Beech Architects

Church Farm Barn

Church Farm barn is a conversion of two grade II listed derelict barns in a Suffolk village into a 5 bedroom home involving planning and listed  building consent, archaeological surveys and protected species surveys.  This complicated scheme involved the total renovation of a timber frame  barn dating from 1700 and a clay lump barn from the 1800’s. Traditional materials such as lime render,  lime mortar and lime wash paint along with oak framing  and clay lump repair were combined with super efficient insulation, an air source heat pump and underfloor heating to provide a contemporary yet sympathetic conversion. Existing walls both internally and externally were maintained in place and the main barn was converted into one large open space with a double sided fireplace dividing kitchen and living rooms  whilst the existing spaces of the clay lump barn were utilised for bedrooms.  The main barn openings were replaced with glazing and sliding folding  screens to fully open up these entrances as was the case when used for agriculture. The open plan layout maintains the feel and space of the original agricultural building. 

  • Main 17th Century Barn Space

    All the structure was maintained and exposed to view to keep the agricultural feel and large open space of the old barn.

  • The main mezzanine bedroom

    The en suite is inserted into the bedroom and all original beams are kept in place and barn roof left exposed.

  • The old milking shed

    The old milking shed was converted to a bedroom with en suite. All the existing structure was cleaned by hand and original openings reused for windows and doors.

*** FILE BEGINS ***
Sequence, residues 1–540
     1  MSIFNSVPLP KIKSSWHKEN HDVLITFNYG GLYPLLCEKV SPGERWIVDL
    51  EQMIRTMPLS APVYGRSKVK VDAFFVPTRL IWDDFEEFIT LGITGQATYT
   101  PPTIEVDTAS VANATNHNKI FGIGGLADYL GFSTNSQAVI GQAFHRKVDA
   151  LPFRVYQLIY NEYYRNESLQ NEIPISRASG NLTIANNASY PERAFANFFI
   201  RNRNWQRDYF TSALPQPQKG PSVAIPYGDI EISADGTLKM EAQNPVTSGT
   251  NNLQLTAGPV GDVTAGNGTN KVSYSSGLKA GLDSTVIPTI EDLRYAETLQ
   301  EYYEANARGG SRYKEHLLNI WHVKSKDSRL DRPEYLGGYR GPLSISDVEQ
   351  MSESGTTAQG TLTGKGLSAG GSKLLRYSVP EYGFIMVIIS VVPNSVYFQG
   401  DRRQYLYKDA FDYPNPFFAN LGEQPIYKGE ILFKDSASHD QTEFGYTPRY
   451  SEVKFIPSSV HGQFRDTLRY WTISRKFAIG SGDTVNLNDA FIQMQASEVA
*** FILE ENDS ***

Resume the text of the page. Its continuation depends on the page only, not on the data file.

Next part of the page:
• Kitchen

    A modern open plan dining kitchen was created under the new bedroom mezzanine

  • Fireplace

    A double sided fireplace and staircase was inserted to divide dining and living. The view showing the entire length of the listed barn structure was maintained. 

  • Kitchen space

    All existing oak knees were left exposed with oak worktops installed to the kitchen to match the main barn oak structure. The kitchen range and fridge freezer were designed into the structure.

  • Front Elevation

    The flint and brick walls were repaired with the frame and then highly insulated. All existing tiles were carefully removed and then reinstalled. 

  • Rear Elevation

    The main barn openings were kept and framed in oak with new glazing to flood the barn with light. The clay lump barn and timber barn are connected with a white rendered link

  • Rear Garden

    The barn is painted black as is common in Suffolk. 

  • Snug

    A small and cosy winter snug was created in the link area with views into the main barn space and a door onto the garden. This snug has a small woodburner for winter use. 

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